Jorge Volpi – the Historical Novel in Latin America

In part four of Three Percent’s talk from Jorge Volpi, Volpi discusses recent historical novels in Latin America. What is interesting is that after saying there was no Latin American literature, he talks as if there were one. However, he sees in Latin American historical novels a reluctance to deal with the now.

The ”historical novel” blossoms in Latin America just like everywhere else, but in general it covers a more remote past—the Pre-Hispanic or the Colonial period—or it aspires to secularizing heroes and official villains, but always distant in time. If to that you add the lack of interest—or the revulsion—that politics awakens among the writers who were born from the sixties on, the result is an absence of stories related to our recent history.

But if younger writers have been younger fiction writers have been reluctant to write about recent history, historians have even been more reluctant and so it has to fall to the fiction writers to do something.

To this date, except for a few pamphlets of support or opposition, characters as fascinating and dark as Carlos Salinas de Gortari, Carlos Andrés Pérez, Carlos Menem, Alberto Fujimori, Daniel Ortega, Evo Morales, and Hugo Chávez all lack definitive biographies. There is hardly any detail of their intimate lives or examination of their public performance or, at the other extreme, novelistic explorations of their acts (among the few exceptions, the already classic Santa Evita by Tomás Eloy Martínez or La hora azul by Alonso Cueto about Vladimiro Montesinos).

Part of the dearth has been fear and some of it has been disillusion with politics in general. Now, though, he sees some younger writers who have begun to tackle some of the issues of violence in their home countries.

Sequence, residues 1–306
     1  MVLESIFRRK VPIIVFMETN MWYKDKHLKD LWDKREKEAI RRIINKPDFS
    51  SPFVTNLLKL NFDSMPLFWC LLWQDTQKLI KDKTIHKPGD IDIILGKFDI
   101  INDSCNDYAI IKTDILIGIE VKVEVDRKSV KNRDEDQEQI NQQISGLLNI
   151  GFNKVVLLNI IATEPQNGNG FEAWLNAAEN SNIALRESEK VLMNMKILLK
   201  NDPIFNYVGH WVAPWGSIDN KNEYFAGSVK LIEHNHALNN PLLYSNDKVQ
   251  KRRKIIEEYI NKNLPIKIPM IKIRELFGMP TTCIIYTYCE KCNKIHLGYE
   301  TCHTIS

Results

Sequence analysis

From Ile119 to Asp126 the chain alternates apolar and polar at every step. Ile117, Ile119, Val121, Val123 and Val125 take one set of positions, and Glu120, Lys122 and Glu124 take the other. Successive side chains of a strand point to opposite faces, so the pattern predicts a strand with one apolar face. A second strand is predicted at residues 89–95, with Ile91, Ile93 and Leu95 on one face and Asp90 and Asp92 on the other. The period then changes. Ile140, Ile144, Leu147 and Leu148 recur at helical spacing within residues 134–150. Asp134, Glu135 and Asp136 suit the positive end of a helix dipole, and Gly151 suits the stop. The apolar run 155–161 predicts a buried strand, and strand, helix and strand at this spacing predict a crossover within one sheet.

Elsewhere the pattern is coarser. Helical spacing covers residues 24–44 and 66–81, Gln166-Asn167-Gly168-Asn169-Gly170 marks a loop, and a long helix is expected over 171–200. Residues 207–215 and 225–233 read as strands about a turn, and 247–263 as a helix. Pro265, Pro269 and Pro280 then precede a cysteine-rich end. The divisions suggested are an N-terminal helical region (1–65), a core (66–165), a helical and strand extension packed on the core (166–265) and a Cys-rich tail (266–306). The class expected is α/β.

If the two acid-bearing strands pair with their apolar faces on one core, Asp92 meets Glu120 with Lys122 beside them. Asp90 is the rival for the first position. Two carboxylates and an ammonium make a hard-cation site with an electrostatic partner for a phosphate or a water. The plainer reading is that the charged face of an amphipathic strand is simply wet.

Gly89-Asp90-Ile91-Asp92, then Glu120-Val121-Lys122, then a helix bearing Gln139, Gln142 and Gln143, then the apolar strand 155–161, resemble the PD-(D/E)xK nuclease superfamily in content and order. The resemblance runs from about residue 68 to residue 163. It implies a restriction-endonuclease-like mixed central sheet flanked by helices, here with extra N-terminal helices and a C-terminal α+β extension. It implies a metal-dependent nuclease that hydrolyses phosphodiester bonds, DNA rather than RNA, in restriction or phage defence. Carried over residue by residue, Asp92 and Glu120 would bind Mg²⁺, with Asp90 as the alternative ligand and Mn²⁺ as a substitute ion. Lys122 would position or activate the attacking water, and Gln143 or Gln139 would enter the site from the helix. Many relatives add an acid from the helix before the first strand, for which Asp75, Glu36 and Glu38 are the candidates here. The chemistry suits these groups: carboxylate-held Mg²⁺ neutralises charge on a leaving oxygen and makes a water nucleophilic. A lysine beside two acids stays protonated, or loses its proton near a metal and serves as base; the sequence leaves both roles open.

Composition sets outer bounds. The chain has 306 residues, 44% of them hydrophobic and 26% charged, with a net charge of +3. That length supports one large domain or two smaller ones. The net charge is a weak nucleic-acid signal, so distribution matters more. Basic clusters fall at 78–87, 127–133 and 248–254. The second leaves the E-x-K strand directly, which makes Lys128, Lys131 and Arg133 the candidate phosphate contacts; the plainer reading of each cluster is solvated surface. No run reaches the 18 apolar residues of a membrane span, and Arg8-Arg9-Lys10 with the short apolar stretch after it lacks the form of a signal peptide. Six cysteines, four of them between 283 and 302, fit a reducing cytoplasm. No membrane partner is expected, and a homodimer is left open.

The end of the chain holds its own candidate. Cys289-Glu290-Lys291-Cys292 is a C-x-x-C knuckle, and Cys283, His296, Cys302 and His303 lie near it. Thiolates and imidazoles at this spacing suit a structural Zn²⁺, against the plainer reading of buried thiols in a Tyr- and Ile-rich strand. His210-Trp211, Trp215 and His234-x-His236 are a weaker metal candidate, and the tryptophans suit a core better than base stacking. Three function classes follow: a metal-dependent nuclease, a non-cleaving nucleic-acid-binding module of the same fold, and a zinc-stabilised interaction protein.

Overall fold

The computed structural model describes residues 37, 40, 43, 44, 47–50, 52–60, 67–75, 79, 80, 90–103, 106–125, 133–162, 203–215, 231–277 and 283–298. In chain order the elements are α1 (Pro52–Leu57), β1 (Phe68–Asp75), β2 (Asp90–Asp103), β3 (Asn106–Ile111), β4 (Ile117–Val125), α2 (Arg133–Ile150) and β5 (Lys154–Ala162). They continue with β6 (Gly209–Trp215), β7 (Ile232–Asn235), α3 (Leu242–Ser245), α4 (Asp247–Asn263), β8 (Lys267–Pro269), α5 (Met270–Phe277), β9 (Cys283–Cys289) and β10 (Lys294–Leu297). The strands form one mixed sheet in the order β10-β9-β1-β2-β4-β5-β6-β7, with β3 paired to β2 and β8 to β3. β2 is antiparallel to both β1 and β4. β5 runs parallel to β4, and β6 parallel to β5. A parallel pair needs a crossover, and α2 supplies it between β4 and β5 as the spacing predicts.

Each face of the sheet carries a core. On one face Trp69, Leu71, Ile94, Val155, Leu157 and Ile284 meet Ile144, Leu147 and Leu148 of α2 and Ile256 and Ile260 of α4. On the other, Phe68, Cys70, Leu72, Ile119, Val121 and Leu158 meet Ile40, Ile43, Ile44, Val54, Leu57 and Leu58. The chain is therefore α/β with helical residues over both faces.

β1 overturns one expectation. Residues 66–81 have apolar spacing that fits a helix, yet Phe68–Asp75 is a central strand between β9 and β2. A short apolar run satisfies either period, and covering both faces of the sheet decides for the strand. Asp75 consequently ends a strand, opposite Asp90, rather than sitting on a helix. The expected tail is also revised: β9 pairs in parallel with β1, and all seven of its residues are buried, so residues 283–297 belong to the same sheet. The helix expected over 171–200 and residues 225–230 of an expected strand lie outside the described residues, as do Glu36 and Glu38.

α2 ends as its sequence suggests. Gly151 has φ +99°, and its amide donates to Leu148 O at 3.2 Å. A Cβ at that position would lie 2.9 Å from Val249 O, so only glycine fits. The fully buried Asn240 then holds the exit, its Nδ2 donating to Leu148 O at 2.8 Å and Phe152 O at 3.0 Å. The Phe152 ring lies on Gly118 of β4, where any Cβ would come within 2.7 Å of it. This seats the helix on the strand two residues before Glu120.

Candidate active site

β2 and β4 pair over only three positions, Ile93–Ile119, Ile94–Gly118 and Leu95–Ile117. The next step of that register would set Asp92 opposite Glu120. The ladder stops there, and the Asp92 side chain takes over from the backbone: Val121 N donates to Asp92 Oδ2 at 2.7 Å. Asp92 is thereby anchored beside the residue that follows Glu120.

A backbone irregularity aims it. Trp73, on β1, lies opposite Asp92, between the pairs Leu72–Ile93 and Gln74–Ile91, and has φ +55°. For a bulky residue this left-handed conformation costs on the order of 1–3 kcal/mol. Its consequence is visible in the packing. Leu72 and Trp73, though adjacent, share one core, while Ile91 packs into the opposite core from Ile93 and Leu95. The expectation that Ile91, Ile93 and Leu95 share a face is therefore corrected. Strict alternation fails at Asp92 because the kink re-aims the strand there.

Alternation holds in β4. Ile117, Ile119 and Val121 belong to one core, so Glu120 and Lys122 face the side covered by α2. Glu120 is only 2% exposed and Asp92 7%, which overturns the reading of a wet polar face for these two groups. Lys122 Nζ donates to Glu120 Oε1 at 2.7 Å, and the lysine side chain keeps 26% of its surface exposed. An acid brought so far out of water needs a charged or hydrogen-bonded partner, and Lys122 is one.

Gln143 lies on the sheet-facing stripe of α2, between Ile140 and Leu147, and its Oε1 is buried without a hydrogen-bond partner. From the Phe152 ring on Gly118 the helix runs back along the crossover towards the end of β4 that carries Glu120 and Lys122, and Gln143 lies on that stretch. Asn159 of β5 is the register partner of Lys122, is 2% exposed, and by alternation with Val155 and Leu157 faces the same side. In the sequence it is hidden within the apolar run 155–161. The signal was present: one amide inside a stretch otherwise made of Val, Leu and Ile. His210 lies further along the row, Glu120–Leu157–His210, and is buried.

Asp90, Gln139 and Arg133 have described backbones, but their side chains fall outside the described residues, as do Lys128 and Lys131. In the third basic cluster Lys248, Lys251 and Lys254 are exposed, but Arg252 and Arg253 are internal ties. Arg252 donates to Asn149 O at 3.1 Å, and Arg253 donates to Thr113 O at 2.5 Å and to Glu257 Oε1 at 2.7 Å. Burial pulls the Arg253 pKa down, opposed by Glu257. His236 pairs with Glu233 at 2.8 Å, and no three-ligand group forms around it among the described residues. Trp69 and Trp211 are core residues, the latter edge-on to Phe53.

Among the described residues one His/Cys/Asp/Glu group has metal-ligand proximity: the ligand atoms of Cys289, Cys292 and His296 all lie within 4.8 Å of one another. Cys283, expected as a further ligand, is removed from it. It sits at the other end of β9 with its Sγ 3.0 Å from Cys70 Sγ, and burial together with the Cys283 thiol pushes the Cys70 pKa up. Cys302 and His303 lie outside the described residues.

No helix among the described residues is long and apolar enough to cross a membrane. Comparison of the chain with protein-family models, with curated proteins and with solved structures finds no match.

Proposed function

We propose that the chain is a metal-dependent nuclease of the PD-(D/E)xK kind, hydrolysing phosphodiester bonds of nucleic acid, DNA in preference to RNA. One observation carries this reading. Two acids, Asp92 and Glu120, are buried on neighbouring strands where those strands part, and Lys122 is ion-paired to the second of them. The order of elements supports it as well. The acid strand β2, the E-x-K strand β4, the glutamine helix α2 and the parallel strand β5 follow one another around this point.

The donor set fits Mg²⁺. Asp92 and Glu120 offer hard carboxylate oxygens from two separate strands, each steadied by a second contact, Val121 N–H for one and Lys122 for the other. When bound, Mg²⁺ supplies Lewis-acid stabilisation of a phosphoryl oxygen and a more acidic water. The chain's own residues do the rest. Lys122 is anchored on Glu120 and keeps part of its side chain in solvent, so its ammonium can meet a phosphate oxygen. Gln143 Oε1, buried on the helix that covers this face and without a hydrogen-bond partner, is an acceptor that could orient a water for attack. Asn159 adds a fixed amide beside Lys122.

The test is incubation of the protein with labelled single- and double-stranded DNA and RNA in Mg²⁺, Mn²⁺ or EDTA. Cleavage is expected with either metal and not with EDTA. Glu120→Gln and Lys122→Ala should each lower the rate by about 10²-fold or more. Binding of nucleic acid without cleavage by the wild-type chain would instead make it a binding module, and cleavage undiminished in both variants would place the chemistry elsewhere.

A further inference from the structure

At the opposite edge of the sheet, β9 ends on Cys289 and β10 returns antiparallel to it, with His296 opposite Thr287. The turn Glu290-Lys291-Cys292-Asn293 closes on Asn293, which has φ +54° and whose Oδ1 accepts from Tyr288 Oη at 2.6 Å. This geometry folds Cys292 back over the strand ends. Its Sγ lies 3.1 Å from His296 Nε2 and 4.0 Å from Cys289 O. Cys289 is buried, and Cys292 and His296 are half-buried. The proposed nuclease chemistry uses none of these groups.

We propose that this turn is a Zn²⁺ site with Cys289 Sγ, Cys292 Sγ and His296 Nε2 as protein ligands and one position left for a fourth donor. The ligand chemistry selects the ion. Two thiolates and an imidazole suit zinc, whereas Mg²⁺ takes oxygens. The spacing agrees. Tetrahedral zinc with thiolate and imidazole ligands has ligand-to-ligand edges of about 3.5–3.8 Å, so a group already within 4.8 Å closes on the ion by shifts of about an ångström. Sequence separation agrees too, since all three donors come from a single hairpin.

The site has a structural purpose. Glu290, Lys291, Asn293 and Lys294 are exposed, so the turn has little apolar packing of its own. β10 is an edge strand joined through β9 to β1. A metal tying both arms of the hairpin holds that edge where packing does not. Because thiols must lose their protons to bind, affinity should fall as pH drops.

In Peru, after the grotesque Fujimori-Montesinos government, the new democracy installed a Commission of Truth and Reconciliation that played a significant role in public life. It could be a coincidence, but from that moment on, a good number of writers have dared to scrutinize the immediate past with different and sometimes contrary perspectives. Besides de Cueto, I consider the work of three authors born after 1960 outstanding: Abril rojo (2002) by Santiago Roncagliolo, War by Candelight (2006) by Daniel Alarcón—whose first novel Lost City Radio (2008) also refers to this theme—and Un lugar llamado Oreja de Perro (2008) by Iván Thays.

The rest of the article explains the books and how they represent the trend he has been talking about and is a good conceptualization of novels in the historical genre.

Los Angeles, France, and the Search for a New Noir

Salonica has a great post from Larry Fondation about LA and the search for a writer that encompass the city. What makes it even more interesting is it was published in France as a kind of what Americans should do next. While Noir is a and LA are fascinating as our the American writers of the 30’s I’m not sure if they are the salvation Fondation sees.

Outside a select and celebrated few – Cain, Chandler and West among them — most 1930s authors have been neglected, forgotten, ignored or downplayed in the United States. Writers such as James T. Farrell, Ellen Glasgow, Jack Conroy and Henry Roth rarely get their due. Even John Dos Passos’ masterpiece, The USA Trilogy, remains vastly underappreciated.